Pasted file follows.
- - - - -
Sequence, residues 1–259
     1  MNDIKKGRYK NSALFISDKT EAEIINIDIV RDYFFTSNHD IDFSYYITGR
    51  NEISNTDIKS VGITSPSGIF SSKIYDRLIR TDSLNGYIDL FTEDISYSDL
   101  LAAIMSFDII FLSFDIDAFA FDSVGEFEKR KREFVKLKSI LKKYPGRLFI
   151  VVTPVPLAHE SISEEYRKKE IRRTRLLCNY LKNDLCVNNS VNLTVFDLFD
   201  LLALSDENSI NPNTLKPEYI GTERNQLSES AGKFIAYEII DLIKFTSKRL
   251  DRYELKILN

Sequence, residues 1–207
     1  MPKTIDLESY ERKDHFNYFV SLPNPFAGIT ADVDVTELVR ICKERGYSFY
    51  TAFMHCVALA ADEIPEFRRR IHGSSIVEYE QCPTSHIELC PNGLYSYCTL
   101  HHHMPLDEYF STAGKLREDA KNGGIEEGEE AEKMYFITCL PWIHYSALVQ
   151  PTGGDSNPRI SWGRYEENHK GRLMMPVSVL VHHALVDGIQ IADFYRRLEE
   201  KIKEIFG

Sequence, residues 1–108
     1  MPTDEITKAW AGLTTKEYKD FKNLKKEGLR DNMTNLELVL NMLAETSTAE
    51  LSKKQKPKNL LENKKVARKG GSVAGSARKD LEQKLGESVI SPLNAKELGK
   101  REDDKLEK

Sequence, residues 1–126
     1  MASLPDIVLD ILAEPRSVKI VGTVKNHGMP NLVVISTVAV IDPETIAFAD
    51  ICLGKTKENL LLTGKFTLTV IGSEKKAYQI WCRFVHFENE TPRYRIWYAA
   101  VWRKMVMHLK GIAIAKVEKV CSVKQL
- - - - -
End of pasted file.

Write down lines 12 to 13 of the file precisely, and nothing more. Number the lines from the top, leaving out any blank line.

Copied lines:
   151  PTGGDSNPRI SWGRYEENHK GRLMMPVSVL VHHALVDGIQ IADFYRRLEE
   201  KIKEIFG